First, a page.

I have been cheated five times when I was shopping ....

I have made up the sentence below. (1a) I was cheated five times when I shopped at ABC. My non-native speaking friends found two mistakes in my sentence. Their revised sentence is given below. (1b) I have been cheated five times when I was shopping at ABC. What confuses me in my friends' sentence is the use of the present perfect " have been cheated ". The fact that the store cheated me happened in the past when I shopped there. The present perfect makes the sentence sound like I am still...Read More...
Hi, ansonman, One thing is for sure, the use of the present perfect above is grammatically wrong . I prefer: I was cheated five times while shopping at ABC.Read More...
Last Reply By ahmed_btm · First Unread Post

Is the present continuous "have been looking for" the wrong tense?

One of my non-native English speaking friends made up the example below. (1) For the last twenty-five days, I have been looking for an inexpensive stove in most of the local stores. Luckily, I bought one for a very low price at ABC. I think my friend is using the wrong tense being the present continuous because it suggests that his search for a cheap stove is still continuing. Since he purchased a cheap one, he has stopped his search. So, "have been looking for" would no longer apply. Do you...Read More...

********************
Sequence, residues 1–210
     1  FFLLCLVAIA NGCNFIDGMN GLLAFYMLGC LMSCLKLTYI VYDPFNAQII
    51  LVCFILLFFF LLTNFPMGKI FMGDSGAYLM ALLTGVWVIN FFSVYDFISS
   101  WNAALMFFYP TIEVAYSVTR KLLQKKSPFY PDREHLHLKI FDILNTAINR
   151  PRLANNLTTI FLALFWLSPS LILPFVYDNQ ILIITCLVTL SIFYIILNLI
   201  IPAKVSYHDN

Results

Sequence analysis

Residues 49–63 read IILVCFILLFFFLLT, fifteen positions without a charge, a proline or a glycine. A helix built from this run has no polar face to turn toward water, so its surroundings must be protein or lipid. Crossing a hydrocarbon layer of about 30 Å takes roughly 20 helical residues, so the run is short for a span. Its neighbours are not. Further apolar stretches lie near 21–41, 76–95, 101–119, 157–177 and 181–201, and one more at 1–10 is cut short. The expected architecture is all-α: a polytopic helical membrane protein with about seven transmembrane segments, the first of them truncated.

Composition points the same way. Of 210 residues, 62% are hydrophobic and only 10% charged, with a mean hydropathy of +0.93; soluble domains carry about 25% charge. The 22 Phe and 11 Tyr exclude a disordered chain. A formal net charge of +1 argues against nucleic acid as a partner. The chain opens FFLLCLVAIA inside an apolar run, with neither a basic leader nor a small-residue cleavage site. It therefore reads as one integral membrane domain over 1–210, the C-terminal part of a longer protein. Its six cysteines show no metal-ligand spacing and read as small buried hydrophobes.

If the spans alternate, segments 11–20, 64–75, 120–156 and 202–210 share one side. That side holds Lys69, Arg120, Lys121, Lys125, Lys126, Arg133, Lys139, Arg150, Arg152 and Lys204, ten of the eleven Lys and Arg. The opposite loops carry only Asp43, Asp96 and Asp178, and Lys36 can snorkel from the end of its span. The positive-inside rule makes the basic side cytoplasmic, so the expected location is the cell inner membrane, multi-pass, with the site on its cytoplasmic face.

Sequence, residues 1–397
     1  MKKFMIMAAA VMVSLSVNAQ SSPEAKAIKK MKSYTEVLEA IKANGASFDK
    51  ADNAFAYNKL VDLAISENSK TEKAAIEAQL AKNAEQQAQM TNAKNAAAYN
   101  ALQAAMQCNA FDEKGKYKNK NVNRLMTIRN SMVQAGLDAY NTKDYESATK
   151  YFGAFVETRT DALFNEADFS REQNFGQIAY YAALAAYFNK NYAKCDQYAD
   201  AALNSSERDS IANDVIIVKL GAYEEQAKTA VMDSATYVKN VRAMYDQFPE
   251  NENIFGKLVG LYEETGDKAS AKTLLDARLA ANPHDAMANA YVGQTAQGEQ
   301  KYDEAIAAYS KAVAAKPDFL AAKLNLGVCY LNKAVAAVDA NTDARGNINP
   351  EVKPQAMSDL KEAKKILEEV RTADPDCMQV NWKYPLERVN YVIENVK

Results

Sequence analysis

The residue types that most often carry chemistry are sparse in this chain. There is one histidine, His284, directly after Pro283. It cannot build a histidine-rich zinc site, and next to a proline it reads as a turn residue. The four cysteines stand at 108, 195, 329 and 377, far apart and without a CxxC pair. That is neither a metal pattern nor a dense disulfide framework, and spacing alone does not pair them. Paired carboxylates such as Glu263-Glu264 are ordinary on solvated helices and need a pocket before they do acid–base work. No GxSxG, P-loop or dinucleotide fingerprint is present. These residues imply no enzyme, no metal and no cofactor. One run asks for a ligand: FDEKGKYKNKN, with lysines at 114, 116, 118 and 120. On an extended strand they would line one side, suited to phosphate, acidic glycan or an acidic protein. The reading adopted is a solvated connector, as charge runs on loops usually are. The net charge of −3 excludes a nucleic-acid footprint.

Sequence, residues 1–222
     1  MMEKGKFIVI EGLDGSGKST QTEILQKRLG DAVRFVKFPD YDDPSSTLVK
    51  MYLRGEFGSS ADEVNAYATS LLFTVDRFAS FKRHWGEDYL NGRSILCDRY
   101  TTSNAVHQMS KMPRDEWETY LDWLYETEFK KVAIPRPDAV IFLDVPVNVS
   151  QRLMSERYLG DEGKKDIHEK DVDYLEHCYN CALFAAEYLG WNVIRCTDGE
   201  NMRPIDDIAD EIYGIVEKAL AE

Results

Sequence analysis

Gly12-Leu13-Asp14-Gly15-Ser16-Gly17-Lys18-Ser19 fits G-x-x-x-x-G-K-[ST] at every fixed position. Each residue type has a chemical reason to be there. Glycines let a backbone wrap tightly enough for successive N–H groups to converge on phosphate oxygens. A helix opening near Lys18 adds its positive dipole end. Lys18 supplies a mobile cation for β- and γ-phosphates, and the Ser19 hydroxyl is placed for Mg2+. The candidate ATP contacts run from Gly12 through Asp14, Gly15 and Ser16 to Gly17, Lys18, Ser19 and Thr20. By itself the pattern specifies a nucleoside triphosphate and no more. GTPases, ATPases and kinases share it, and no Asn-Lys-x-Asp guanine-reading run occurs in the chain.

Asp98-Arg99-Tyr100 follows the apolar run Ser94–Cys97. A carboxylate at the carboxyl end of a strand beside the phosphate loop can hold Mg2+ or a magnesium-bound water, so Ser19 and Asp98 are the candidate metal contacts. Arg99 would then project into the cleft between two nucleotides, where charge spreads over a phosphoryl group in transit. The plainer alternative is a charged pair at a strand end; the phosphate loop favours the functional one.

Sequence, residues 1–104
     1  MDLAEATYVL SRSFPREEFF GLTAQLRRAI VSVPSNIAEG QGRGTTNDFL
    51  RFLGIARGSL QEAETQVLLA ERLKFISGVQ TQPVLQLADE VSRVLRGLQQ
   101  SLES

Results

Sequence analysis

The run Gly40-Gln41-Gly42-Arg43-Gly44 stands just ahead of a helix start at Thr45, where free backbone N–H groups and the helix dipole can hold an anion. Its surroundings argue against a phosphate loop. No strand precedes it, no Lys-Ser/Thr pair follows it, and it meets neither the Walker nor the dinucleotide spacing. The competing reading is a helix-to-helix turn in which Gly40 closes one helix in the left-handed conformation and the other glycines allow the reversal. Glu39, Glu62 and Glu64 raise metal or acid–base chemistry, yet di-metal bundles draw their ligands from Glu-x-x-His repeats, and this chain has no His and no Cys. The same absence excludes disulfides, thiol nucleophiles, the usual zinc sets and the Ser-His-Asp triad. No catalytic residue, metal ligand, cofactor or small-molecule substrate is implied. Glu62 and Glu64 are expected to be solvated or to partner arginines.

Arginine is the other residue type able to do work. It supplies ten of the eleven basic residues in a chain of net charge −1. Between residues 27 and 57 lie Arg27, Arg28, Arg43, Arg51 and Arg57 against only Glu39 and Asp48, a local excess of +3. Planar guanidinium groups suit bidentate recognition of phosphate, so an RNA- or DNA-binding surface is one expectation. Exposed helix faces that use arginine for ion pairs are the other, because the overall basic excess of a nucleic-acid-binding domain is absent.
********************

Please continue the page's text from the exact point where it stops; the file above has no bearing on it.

Hi, ansonman, Yes, I agree. The past simple in the second sentence doesn't work here and doesn't go with the present perfect continuous in the first one. He could better say: After twenty-five days of a continuous search for an inexpensive stove, ........... .Read More...
Last Reply By ahmed_btm · First Unread Post

Do or win

We want to take part in the competition to (make-do-gain-win) something.Read More...
Hi, Ahmed55, My guess is that whoever made up this sentence has just done one thing: He looked up the definition of the word 'competition' on 'LDOCE' and found something called 'competition to do something', then he wrote the example above and used 'do' as a model answer, without -even- looking up the examples on 'LDOCE'. In fact, I see more than one correct choice here. What is that something ?! Normally, you take part in a competition to win it. If there are many prizes and you don't have...Read More...
Last Reply By ahmed_btm · First Unread Post